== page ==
Biden Administration Faces an Ever-Harsher World and Aims to Improve World Standing

President Joe Biden and Secretary of State Antony Blinken Photo credit: Mike Coppola

President Joe Biden and Secretary of State Antony Blinken Photo credit: Mike Coppola

Owen Huang

The Biden administration’s goal worldwide is to improve the American standing while vowing to bring an end to eras of conflict and inequality and usher in a new age. The United States has entered a new era with the country now under the guidance of President Joe Biden, a longtime senator now fulfilling his goal as president. This marks the end of an often chaotic four years under President Donald Trump, the implications of which extended far beyond the borders of the United States. During the Trump presidency, foreigners’ respect for the United States dropped precipitously. Pew Research Center marked this period as easily the world’s citizens having the least favorable view of the United States in the decades of polling on this subject. The country’s handling of the pandemic has made matters far worse. A nation once seen as the precedent of democracy is now being avoided by the international community.

Trump’s relationship with Russia garnered much attention, especially considering the nation’s attacks on human rights and proven hacking interventions into American elections. Biden, and Secretary of State Antony Blinken, have both promised to crack down on what they view as unjustifiable actions.

Nations less friendly with the United States, including Russia and Turkey, have come out against Biden’s election. Biden expressed he will be very critical of the Chinese regime, something he has done intermittently. At times, some have urged Biden to act much harsher toward Beijing.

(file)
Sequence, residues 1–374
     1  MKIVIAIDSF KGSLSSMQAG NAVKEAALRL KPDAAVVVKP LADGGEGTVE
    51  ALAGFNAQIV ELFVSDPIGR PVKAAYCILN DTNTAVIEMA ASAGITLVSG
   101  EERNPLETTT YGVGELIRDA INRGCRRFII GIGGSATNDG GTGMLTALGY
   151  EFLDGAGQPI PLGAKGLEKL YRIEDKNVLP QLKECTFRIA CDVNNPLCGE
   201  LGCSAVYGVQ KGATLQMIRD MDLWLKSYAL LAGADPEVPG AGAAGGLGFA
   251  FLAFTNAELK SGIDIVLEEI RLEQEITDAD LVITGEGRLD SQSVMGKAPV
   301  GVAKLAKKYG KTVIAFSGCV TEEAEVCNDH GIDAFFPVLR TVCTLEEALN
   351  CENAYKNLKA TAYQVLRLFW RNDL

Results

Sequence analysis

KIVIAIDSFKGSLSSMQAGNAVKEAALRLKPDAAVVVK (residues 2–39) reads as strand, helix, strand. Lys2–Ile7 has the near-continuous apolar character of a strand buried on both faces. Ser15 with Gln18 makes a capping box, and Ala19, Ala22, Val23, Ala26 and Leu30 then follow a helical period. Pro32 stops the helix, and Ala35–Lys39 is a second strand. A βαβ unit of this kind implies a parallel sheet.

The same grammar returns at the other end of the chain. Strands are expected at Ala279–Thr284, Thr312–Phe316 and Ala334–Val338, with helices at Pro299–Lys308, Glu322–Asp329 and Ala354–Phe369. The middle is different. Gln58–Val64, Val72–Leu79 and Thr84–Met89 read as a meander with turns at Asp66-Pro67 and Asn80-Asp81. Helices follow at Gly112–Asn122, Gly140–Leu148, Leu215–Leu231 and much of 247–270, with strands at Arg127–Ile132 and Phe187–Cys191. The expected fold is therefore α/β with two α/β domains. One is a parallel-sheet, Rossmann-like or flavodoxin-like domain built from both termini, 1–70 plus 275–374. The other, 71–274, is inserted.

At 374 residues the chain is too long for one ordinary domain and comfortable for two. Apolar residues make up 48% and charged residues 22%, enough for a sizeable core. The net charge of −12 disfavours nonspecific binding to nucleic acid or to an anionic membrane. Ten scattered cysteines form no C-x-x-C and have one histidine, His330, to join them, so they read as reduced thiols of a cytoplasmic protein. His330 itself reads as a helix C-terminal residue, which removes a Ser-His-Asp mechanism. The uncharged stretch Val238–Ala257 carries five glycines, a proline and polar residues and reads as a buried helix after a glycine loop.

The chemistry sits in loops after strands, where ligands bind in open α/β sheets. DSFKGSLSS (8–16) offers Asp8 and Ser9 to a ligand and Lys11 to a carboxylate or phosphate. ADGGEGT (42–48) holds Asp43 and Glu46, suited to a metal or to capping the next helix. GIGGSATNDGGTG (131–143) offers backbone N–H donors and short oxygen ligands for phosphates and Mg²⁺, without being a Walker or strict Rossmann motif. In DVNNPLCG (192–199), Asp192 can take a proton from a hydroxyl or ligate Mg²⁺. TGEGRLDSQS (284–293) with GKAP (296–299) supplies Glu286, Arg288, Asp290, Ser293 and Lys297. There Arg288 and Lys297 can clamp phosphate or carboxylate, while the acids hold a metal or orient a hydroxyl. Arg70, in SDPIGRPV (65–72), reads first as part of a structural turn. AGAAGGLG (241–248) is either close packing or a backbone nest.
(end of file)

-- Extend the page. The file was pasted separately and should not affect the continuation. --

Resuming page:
So far, during Biden’sfirst days in office, the administration has, under the leadership of Blinken, denounced the territorial claims China made in the South China Sea as a “threat” that will be defended against. Biden is often seen by some as having a friendly, casual relationship not only with China but its ruler, Xi Jinping. While it is true the leaders have met, Biden has stressed that he is a critic of the regime.

International reactions to the election of Biden and Vice President Kamala Harris have largely been hopeful. Harris herself is the daughter of immigrants to this country, representing a large and important segment of the American population that has much to say about foreign affairs. Traditional allies of the United States resoundingly welcomed the change, in regions Trump often seemed to severely damage.

Biden has made againfriendly ties a priority, something Europe welcomes but wants to see quickly. For some, Trump-era policies of disconnect have been enough to entirely sour perspectives of the United States. Discussing the new administration, Nathalie Tocci, Italy’s director of the Institute of International Affairs, said “We Europeans need to be careful about our expectations from the Americans in our neighborhood” according to The New York Times.